(Steeeeerike three! Yurrrrrrrr out!)

Now, I’m really sorry that he pulled a fast one on you “libruls” and has back peddled so much, but I’m also glad that (a) he’s waking up to reality and (b) there’s a chance, however small, that you “libruls” might wake up, too. I just wish you’d woken up before the damage was irreversibly done on some other things, too. Sigh…

Great. The President takes a vacation at taxpayer’s expense when most taxpayers can’t afford to take them this year.

For the rest of us who work for a living—especially my wife, who is working twenty hour days to afford his government and to save as much as possible before his health care and tax nightmares set in—this is insulting.

Joe Nocera thinks he knows something about privacy, and I think he’s full of crap.

In his blog entry today, he says:

There are certain people who simply don’t have the same privacy rights as others, whether they like it or not. Presidents. Celebrities. Sports figures.

No. That’s wrong. Completely and totally wrong. Everybody has a right to privacy, and unless you are undertaking an activity that requires you to breach your privacy in order to complete that activity, your privacy is your privacy.

Presidents, maybe. But celebrities? Sports figures?

Puh-leaze. Just because a bunch of ravenous fans elevate me to superstar status (maybe even against my will) doesn’t mean I have to let anybody perform a colonoscopy to see if I’m healthy enough to justify betting your life’s savings on my next game.

And the same goes for CEOs, too, no matter how cool they may be.

(Hat tip to Daring Fireball).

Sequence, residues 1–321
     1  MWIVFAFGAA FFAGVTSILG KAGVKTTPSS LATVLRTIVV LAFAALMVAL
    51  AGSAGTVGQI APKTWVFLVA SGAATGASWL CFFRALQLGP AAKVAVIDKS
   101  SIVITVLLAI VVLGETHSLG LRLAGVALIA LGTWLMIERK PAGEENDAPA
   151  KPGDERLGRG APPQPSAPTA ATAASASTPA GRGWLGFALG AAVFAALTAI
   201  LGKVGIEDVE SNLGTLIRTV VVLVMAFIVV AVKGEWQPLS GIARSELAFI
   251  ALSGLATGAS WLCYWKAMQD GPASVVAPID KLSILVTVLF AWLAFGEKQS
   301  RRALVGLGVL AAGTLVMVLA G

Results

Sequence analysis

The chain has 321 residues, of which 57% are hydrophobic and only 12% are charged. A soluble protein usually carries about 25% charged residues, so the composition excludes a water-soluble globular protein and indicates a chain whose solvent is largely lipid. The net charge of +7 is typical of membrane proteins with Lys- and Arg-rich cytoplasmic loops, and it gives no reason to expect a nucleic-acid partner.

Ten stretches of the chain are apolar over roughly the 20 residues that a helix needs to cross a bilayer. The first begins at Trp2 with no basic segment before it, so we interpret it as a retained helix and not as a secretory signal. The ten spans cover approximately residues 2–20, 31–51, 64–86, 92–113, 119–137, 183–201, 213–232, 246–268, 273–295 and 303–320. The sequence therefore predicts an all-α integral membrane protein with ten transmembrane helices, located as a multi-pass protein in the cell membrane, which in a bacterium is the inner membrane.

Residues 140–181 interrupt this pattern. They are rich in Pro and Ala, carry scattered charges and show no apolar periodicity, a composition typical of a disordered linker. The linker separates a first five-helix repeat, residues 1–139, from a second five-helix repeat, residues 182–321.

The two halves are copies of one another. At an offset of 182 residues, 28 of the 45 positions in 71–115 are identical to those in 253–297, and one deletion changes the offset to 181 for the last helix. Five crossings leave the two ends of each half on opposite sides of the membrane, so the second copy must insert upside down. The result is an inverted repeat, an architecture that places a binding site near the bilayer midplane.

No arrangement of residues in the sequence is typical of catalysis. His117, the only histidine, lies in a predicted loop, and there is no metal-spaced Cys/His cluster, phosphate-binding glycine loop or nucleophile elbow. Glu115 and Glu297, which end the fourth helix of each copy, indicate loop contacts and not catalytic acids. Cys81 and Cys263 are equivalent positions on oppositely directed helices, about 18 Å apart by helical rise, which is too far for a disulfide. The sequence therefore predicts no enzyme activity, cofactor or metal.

Article here.

How come this is being reported in England and not in the United States of America? Oh, wait, that’s right: the liberal mainstream media have their collective head so deeply embedded up President-Elect Barack Hussein Obama’s digestive tract that they can’t quite see the light of day. Want some evidence? Go ahead, Google it. I’ll wait here.

Yes, the article appears in the Daily Mail and The Guardian. And Fox mentions it. (Surprise.) But every other media outlet is doing their best to emphasize that most, if not all, of the cost is being picked up by private donations.

That’s great! $100 million of the $160 million (that’s $160,000,000) price tag will be covered by private donations (up to only $35 million as of this writing), but that leaves a huge chunk that every man, woman, boy and girl in the United States is expected to pay for, because the District of Columbia and surrounding states are submitting that bill to the Congress.

And that $50,000,000 is more than George Bush’s entire inauguration “effort,” as the Obama event is being called (sounds more palatable than “party,” doesn’t it?), cost four years ago. That event was called lavish, extravagant, and over-the-top in a then-good economy by news outlets of all kinds.

I weep and pray for this country which embraces double standards on so many levels and calls them acceptable.